My modest system is not top notch by many fellow audiophiles' standards; but the improvements I experienced will certainly be maximized in a system capable of the utmost in sonic realism.

The strength of the model #470 is simplistic and significant: minimizing signal loss, while preserving a high degree of signal integrity.

The model #470 silver interconnect surprised me of the long-hidden potential of my system. Throughout these years, I'd sold countless equipments in the pursuit of higher sonic realism. I suspect many of us share the same experience, too. As I look back, I think to myself, "maybe I shouldn't had sold my Sonic Frontiers SFL-2...maybe my Krell KSL-2 before
that wasn't such a bad preamp...maybe it was wrong for me to sell off my Audio Research D-76a...". "I was a fool to let you go !"

Right out of the wrapper, the model #470's imaging was at the same par as my KCAGs already. However, my KCAGs was smoother in texture, and was of an half-meter run in length. I was encouraged by such initiation. For the following week, I run the model #470 from my hi-fi stereo VCR's audio outputs to the audio inputs of my MiniDisc recorder.

After the 100th hour of burn-in time as recommended by Don, the first thing I noticed was how much more of the original information from the CD the model #470 was able to send to my Klipschorns. Now, the representation carries distinctive timbres from all instruments in the recordings, rendering the sound so lifelike that each reproduced note of music will not be ignored. Vocals are relayed with an intoxicating  sense of presence. Complex orchestral passages now are being reproduced with the magnificence and glory they deserve. Energetic jazz performances are now given their proper treatment of finesse and sparkle.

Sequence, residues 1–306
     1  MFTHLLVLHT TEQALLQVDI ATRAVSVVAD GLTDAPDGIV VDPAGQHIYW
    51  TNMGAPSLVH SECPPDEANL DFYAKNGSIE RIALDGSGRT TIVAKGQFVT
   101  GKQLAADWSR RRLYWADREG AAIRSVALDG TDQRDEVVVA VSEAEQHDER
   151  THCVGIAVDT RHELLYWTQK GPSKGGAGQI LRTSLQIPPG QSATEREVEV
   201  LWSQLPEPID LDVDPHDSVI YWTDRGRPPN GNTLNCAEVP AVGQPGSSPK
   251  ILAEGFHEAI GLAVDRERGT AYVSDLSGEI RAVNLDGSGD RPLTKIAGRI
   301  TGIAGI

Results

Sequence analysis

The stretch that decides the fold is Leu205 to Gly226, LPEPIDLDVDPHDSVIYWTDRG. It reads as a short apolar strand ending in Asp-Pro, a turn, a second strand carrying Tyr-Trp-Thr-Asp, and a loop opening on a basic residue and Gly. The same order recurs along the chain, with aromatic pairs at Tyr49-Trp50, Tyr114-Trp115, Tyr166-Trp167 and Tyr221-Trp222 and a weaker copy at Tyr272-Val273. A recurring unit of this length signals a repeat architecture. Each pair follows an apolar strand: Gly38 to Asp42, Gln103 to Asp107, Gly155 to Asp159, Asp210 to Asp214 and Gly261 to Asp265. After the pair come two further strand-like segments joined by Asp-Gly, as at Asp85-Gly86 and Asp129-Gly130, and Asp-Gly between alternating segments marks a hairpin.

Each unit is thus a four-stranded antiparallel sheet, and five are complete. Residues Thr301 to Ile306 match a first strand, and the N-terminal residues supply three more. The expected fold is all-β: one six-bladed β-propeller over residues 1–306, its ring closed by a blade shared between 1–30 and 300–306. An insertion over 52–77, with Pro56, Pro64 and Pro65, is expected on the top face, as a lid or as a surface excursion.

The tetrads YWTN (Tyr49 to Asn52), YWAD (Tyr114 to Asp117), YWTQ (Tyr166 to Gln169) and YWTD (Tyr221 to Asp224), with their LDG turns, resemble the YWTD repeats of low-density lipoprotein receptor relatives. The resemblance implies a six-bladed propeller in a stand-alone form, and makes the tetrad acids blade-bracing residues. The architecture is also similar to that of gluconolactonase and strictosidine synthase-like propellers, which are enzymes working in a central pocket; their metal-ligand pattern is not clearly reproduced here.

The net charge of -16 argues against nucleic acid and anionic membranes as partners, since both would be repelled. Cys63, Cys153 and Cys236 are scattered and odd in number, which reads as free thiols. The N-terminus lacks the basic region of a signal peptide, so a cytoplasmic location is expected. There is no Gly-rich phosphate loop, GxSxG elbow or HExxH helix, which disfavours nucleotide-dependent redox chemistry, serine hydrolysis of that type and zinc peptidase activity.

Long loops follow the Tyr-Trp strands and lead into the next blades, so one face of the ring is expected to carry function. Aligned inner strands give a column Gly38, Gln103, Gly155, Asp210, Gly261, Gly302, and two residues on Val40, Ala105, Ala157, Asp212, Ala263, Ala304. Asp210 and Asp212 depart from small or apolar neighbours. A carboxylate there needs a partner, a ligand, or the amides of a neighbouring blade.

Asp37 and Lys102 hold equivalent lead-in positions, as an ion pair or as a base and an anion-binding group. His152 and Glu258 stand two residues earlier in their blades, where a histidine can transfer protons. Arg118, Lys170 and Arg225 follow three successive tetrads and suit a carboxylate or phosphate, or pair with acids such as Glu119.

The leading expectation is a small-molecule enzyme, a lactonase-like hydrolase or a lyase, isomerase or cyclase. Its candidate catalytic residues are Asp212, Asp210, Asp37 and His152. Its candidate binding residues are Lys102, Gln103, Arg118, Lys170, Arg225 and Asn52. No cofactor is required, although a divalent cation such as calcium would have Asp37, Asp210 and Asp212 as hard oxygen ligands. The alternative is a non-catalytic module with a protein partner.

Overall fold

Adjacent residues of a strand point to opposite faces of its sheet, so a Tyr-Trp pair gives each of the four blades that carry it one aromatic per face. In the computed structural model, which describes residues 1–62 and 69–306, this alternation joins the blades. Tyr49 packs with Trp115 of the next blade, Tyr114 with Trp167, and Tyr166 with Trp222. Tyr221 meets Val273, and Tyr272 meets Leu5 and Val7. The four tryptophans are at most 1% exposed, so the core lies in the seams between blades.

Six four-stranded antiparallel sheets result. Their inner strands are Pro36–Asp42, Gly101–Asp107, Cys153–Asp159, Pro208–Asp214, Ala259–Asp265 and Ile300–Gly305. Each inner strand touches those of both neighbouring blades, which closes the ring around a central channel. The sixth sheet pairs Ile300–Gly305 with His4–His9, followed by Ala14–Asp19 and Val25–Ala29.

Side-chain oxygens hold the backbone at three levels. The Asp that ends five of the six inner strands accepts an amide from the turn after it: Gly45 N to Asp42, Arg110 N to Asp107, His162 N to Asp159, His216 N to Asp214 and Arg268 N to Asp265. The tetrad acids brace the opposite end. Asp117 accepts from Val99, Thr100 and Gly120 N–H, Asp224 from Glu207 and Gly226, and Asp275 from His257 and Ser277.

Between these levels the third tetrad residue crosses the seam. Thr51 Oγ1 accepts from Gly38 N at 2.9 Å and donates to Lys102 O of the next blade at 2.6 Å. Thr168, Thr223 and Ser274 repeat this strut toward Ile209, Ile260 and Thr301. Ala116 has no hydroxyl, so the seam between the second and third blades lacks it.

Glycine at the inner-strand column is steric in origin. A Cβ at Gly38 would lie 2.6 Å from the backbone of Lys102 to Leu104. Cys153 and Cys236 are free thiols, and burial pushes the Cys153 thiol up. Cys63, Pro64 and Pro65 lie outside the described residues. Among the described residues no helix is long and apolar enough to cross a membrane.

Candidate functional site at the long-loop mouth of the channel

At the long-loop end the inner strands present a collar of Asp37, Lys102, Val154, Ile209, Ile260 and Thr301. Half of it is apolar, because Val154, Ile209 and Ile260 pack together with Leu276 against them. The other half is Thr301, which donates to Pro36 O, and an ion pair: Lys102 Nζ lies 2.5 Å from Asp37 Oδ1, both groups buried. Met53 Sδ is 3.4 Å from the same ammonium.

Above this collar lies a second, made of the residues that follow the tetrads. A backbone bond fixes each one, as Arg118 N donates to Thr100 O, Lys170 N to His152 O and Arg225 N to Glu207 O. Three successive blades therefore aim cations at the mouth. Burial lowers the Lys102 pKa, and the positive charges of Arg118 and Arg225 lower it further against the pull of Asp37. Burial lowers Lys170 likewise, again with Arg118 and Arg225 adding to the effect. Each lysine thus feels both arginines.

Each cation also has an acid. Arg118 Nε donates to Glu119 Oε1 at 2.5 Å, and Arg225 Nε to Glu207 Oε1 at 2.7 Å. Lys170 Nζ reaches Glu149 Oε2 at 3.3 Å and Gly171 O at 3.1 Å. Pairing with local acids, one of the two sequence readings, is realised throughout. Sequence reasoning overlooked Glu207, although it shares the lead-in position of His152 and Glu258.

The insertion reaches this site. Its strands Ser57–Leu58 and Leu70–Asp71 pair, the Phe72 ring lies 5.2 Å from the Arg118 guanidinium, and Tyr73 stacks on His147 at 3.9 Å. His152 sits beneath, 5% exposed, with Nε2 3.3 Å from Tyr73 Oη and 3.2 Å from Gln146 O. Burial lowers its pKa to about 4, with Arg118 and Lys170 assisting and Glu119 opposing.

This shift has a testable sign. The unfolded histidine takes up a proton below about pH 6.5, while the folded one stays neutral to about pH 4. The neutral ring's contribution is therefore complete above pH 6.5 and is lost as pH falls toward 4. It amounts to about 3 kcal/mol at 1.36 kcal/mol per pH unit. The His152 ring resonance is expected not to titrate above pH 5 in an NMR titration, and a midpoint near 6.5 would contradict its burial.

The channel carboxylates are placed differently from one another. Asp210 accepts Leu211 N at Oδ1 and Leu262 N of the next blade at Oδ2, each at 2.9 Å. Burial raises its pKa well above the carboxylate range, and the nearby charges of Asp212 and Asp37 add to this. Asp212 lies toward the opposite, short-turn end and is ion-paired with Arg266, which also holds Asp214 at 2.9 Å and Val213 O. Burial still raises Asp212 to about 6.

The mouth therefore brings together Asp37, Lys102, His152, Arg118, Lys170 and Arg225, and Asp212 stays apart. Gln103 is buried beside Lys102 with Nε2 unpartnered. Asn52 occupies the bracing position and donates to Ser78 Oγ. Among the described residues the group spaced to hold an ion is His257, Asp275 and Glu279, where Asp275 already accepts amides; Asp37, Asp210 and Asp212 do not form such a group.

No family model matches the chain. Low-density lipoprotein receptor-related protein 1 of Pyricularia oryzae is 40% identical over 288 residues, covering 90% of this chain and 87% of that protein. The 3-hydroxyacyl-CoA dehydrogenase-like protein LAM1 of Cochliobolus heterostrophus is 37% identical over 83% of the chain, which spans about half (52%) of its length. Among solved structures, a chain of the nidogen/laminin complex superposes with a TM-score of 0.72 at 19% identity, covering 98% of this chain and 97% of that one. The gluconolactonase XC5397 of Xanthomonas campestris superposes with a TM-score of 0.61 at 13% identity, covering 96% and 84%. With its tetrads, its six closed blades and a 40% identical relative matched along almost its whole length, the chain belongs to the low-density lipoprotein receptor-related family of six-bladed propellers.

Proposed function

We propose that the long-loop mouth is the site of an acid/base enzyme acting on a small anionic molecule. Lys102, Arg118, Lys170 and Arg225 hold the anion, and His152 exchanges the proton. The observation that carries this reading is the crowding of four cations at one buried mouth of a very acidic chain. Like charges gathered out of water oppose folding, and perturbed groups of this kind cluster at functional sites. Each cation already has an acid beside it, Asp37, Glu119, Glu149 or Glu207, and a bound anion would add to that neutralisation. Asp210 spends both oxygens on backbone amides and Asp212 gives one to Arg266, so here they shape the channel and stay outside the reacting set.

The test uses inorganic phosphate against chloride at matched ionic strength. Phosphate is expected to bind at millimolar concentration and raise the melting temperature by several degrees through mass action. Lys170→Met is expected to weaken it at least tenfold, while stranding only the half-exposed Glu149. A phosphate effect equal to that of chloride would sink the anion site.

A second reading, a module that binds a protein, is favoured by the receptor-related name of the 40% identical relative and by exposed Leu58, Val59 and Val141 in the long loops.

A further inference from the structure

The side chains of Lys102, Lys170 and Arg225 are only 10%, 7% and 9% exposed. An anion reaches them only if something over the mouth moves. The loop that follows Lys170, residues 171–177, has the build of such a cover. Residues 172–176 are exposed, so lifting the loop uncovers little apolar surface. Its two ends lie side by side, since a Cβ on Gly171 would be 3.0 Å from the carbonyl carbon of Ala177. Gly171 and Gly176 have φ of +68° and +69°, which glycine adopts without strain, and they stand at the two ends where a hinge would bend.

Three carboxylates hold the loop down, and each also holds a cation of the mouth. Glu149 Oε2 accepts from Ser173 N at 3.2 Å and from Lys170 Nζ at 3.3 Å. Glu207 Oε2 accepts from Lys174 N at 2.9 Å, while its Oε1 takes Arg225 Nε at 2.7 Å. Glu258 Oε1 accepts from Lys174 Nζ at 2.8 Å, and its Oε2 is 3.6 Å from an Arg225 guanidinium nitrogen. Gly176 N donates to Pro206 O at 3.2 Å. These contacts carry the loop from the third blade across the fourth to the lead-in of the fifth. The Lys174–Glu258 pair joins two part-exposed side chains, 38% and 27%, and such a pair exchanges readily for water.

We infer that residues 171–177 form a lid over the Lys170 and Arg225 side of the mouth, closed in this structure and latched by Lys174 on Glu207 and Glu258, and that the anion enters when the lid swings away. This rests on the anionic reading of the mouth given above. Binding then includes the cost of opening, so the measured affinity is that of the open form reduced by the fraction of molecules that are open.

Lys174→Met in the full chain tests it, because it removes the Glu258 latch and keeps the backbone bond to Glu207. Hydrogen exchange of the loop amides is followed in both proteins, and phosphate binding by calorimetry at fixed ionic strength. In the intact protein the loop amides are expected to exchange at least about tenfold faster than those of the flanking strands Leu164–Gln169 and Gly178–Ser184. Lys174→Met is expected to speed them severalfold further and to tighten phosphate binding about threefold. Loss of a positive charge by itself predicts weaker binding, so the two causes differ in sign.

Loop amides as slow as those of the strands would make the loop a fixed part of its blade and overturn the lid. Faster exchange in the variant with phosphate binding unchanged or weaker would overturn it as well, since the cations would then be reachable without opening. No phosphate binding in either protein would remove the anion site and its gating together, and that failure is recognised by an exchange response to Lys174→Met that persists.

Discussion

In the area of analytical capability, the model #470 is a blessing. Before the model #470, the representation was homogeneous, so much so that sounds and instruments were somewhat chaotic in the space between the Klipschorns. Now, chaos has been replaced by clarity. Localization of all instruments and voices can easily be discerned with different shadings of tones. The portrayal of soundstages is natural and breathtaking.

Microdynamics is where the subtle gets the duly attention it is meant for. Macrodynamics is when the passion gets high, all hell should break loose. Both are happening with outstanding clarity in my listening sessions now in synchronization with the rhythm and pace of the musical beat. The sheer dynamics unleashed from the recordings through my Klipschorns is faithful to a live event. I shall expand on the Klipschorns in a different space and time.

Only one problem developed during my evaluation of the model #470, and that was the elevated noise level produced through my Klipschorns. Considering the reduced signal resistance from using the model #470, this is to be expected. By email, Don suggested that the interconnects' direction of flow be reversed between my Wadia and Music Reference power amp, so that the internal grounding of the model #470s be removed. He was right, the noise subdued; but so much for the 100-hour-burn-in ritual.  So, watch out for the noise.